Here it is. The final chapter of the book study for Learn like a Pirate. This topic is straight about Empowerment. Since the beginning of the school year is approaching, it’s great to get a plan ready for when you get back into the classroom. The main advice is to “Verbalize your intentions to your students.” It seems the biggest theme throughout the box lines up with our district’s them… there are no got ya’s in education. Let the kids know up front what is expected of them and that you will not lower the expectations for them.
The question on everyone’s mind is, how do you get students to take control? Basically you have to be willing to empower them and give them the courage to make their own decisions. You really have to have a safe learning environment for them.
Here are some ways Paul suggests to empower the kids:
· Give Me Five
· Encouraging students to teach mini-lessons
· Teaching the importance of roles during activities
· Letting them take charge of important class jobs
“Passion Time gives children the opportunity to spend some of the school day focusing on their personal interests and sharing those passions with others.”
Here’s how it works—it’s a dedicated time set aside each week for students to pursue their own interests by answering an essential question! (Hello mini-PBLs!!)
· Essential Question: Students choose their own essential questions (PHAT- Pretty Hard and Tough questions). The teacher helps facilitate to make sure the questions are deep enough that a Google search can’t just answer it.
· Planning: Then the students move to the planning stage. Students list the steps necessary to answer the question. Here is a site that is a part of this chapter, Trello Board. It allows the planning process to be seen on one screen. This helps students keep on track with their projects.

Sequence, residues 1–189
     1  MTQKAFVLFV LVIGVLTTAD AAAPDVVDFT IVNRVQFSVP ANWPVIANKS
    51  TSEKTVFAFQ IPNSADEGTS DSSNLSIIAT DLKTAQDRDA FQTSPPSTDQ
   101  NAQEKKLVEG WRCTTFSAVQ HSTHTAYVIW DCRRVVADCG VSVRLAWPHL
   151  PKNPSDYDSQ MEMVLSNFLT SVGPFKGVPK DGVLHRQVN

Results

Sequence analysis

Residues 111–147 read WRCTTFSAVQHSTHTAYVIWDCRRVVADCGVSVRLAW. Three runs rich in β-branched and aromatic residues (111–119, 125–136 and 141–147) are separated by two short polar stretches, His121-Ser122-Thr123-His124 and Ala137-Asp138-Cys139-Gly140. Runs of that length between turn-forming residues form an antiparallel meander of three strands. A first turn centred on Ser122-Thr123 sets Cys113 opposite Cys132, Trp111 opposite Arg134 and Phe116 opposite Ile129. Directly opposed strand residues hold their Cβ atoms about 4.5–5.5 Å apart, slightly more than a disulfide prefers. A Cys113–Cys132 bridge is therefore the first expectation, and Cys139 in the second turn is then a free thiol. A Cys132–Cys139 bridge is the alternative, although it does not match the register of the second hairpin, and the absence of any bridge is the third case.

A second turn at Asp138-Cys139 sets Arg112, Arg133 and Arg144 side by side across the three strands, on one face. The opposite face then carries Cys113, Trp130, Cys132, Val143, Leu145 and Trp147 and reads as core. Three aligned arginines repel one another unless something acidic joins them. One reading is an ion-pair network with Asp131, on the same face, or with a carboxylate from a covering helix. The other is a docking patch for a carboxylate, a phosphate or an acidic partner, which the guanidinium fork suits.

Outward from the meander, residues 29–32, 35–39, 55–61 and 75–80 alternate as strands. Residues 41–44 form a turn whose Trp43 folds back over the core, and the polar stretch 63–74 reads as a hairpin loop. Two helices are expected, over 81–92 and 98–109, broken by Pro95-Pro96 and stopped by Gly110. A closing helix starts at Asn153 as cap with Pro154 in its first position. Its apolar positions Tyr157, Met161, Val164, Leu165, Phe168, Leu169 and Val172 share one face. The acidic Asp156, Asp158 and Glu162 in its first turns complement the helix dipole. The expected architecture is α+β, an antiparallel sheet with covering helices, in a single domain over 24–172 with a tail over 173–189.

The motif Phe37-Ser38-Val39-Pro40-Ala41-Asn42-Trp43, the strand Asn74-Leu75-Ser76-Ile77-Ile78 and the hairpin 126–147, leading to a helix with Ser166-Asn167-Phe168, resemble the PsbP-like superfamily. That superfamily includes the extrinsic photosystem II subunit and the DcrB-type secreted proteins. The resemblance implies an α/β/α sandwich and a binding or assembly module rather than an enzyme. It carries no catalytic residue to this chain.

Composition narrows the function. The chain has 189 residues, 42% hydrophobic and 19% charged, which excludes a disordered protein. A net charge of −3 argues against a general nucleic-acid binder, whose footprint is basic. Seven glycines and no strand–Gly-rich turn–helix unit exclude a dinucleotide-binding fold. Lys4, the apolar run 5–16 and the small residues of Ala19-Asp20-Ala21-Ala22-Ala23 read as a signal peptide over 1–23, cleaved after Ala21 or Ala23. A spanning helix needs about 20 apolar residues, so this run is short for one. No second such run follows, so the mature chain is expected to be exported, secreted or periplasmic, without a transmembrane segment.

· Discover and Blog it! Once a plan is created, students go to the blog. They create a post and continue it throughout the process. Feedback is given to them through the blog.
· Wrap it up and Share: Before the deadline students share their learning and reflect on their process. In his class, he requires the final product to include a video, a written reflections, and a completed KWHLAQ (see image) chart.
· Peer Feedback: I love the modified sharing process he described. Students listen to each other’s videos independently, reading reflections, and providing great feedback.
Paul discussed a way to start your year off creating a safe environment. He suggests that students know that teachers have good and bad days too. He prepares his kiddos for when the teacher has a bad day is that they role play ways to respond back to the teacher without getting upset.
I am very pumped. I am going to take this year in small steps. I want to work in technology more than ever before, but my students come from a background where the only time they are on the computers are to be playing games. I am going to begin with teaching them the basic skills of the computer and then widening their range of abilities. Maybe they can help me figure out that smart board and clicker system! If you have any ideas, let me know!